There are just a few things that I remember about this bread-making activity. I remember the mixing bowl. I remember the yeast. This wasn’t dry yeast. This was fresh yeast. I remember that it looked dark and grey and pretty gross. We had to add it to our flour and use our hands to mix the dough mixture together. Then we had to knead it until the yeast was all absorbed.
As I write this with an adult's perspective, something feels off about that yeast. So I read around and now understand that fresh yeast should look firm and moist, cream-colored and cool to the touch. If it is crumbly, dryish and dark in places it is stale. Apparently to use it, it must be added to liquid and mixed into the dough straight away. Here is what I also found on the internet concerning fresh yeast and the processes to activate it:
In this article it demonstrated that yeast needs to be broken up into smaller parts. I was told to put my yeast and water straight into the bowl. I don’t remember it frothing up. The teacher was hurrying us along. I was taking longer than the others - not a natural cook, I’m afraid. I was kneading away. The yeast was not becoming absorbed into the dough.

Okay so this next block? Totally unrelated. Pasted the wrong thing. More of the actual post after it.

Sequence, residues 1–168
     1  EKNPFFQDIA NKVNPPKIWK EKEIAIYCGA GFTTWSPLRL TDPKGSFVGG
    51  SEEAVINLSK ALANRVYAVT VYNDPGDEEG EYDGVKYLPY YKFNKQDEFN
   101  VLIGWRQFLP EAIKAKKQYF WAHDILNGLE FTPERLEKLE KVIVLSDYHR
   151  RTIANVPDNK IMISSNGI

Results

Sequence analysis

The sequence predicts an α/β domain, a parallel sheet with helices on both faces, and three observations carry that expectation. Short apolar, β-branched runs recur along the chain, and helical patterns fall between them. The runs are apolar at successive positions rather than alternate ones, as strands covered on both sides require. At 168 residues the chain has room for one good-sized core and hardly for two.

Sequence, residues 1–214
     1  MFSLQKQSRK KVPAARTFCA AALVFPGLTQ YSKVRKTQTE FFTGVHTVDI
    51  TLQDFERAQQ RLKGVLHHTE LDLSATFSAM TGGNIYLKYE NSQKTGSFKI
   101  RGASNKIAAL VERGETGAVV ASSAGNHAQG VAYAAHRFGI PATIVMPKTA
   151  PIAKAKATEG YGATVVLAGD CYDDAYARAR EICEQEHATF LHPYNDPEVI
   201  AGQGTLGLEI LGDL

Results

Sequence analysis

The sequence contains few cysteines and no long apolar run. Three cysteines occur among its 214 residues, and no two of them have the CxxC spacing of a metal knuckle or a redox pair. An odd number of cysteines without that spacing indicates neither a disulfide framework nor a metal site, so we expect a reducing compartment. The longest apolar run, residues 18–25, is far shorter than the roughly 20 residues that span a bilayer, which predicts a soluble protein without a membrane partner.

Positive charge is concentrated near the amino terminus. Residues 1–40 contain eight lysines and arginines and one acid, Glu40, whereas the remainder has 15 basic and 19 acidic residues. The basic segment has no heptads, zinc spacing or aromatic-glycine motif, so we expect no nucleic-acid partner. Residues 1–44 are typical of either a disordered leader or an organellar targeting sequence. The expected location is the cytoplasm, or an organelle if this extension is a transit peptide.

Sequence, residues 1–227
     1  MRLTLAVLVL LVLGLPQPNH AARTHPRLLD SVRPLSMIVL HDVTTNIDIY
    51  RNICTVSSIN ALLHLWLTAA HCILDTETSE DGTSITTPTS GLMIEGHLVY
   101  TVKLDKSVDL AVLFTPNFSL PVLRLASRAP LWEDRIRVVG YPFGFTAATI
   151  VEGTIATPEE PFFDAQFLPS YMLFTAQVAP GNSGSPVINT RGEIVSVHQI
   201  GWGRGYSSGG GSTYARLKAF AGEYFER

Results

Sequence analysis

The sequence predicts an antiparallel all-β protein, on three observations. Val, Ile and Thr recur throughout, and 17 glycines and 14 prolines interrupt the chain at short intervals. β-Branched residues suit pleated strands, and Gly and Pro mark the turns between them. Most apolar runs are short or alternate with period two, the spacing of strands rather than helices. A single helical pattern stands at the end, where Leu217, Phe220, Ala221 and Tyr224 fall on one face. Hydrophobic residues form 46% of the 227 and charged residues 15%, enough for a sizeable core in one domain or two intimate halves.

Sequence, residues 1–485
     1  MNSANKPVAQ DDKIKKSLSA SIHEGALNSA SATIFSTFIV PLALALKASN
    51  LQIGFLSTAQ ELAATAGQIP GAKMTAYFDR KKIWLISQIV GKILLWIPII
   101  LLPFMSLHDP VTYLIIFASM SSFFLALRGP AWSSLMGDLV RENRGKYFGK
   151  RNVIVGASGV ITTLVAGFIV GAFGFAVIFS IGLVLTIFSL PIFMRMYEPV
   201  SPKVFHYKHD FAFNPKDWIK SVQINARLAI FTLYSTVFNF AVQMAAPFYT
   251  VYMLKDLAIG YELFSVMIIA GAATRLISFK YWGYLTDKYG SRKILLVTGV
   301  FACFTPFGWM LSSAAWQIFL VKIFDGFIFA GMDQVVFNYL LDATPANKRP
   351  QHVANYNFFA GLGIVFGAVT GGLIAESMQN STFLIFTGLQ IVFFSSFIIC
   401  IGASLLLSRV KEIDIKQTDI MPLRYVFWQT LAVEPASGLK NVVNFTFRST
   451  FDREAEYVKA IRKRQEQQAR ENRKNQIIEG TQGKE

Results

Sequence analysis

I think the teacher was pretty frustrated with me. She didn't listen to my explanation that the yeast was not amalgamating with the dough but she did come and help knead the dough and got it into the pan.
At last the lesson was over. What a relief. My bread looked really pretty. Despite the events of the day and the ongoing bullying, I was pretty chuffed with my cooking success.
At home, I was so excited as we were going to eat it as an accompaniment to our dinner that evening. I eagerly watched as my mum cut into the loaf.